Early Advising and Successful Transfer to Four-Year Degree Programs
Michael L. Cummings, Portland State UniversityDownload this essay (Acrobat (PDF) 31kB Jun26 12)
The Department of Geology at Portland State University offers B.S./B.A. in Geology and B.S./B.A in Earth Science. The B.S./B.A. in Geology is the program for students intending to practice as professional geologists. The B.S./B.A. in Earth Science is a supporting degree for other professions such as law, K-12 teaching, urban and regional planning. We offer minor programs in geology, environmental geology, space and planetary science, and computer applications with an emphasis in geosciences. Our undergraduate majors are dominated by transfer students from area community colleges and post baccalaureate students. Post bacc students take prerequisite math and chemistry courses at community colleges to reduce cost.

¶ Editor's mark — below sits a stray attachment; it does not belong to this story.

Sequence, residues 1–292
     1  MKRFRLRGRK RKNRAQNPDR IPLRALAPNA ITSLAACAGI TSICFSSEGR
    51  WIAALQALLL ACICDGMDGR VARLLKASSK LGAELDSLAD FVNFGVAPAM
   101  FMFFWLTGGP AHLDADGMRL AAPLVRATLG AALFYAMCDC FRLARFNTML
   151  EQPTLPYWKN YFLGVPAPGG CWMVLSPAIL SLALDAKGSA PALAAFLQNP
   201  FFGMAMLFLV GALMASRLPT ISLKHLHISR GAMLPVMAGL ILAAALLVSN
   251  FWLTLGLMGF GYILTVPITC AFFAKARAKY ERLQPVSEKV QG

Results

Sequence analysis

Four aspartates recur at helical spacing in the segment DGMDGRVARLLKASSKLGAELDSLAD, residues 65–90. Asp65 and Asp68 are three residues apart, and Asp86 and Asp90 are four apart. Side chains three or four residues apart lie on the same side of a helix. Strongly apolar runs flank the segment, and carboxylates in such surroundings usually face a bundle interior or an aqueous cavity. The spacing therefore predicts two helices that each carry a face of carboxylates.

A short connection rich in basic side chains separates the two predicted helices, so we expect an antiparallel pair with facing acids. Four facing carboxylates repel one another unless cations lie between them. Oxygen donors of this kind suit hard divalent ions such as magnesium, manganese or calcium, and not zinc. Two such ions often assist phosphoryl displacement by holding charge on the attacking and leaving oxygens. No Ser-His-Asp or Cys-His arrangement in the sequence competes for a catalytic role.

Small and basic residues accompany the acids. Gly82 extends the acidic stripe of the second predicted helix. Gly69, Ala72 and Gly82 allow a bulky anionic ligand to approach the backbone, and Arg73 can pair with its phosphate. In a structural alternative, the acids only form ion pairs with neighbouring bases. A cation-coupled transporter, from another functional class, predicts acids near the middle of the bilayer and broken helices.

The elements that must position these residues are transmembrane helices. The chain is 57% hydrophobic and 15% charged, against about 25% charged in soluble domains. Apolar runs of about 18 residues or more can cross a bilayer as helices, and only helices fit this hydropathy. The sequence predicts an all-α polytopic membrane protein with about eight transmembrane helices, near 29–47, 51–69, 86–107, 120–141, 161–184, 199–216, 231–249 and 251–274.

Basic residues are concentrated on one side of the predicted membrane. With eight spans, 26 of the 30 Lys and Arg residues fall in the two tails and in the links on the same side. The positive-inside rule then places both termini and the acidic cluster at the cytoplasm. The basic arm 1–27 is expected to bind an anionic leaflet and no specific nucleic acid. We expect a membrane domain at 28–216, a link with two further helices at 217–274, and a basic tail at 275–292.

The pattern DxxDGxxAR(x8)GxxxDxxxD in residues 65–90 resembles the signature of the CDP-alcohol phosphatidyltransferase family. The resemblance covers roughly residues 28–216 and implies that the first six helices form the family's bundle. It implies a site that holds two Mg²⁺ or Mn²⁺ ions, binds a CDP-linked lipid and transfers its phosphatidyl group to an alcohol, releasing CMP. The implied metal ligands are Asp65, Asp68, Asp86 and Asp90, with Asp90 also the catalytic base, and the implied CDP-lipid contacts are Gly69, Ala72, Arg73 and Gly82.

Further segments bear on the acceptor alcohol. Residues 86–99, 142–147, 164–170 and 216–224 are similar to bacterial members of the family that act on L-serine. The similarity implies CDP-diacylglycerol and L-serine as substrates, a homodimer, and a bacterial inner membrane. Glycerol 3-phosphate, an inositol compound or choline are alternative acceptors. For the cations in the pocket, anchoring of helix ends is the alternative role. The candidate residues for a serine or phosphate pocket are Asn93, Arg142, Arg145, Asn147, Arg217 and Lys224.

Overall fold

I am the undergraduate advisor for all undergraduate programs offered by the Department of Geology. Students, in general, do not understand how to navigate through the higher education system, have limited sense of career pathways, and limited understanding of the relation between the curriculum and progress toward degree completion. During advising sessions, I emphasize three anchor points to guide our conversation. The first, largely my responsibility, is to protect the integrity of our degree programs so that the degree they receive is respected. The second is estimating the length of time to degree. The third is exploring ways to contain cost to degree. The last two are student factors and I advise to shortest time and lowest cost. The shortest time is controlled by course work completed before transfer and how this academic preparation aligns with the flow of our degree programs. The lowest cost to degree depends on our ability to effectively utilize education resources in the community. A complicating factor related to our location is developing programs of study that utilize the lower division resources available at Clark College in Vancouver, Washington and the upper division resources at PSU to minimize out of state tuition costs. Cost often outweighs time to degree.Early advising is critical! One hallmark of the faculty relationships has been identification of geology majors at the community colleges and early advising at the university several quarters before the time of transfer. These often pre-admission advising sessions familiarize students with the degree programs offered by PSU and explore alignment of completed and anticipated course work with the PSU curriculum. We also explore career interests and how minors, curriculum modifications (substitution of up to 8 credits of upper division chemistry, math, physics, biology, or engineering courses for geology courses), senior thesis and/or articulation with the University Honors Program, involvement in faculty research, and getting a job work together. By the end of this session, students have an individually tailored degree map that projects the term of degree completion and have a plan to contain costs. Students are encouraged to take advantage of dual-enrollment agreements between PSU and community colleges. The agreements allow students to take courses concurrently at both institutions and to count the total number of credits toward financial aid requirements. Grades appear on the transcript at both institutions each term. Faculty and administrators from our community college partners and PSU geology faculty meet annually to examine the learning experiences of students and alignment of programs.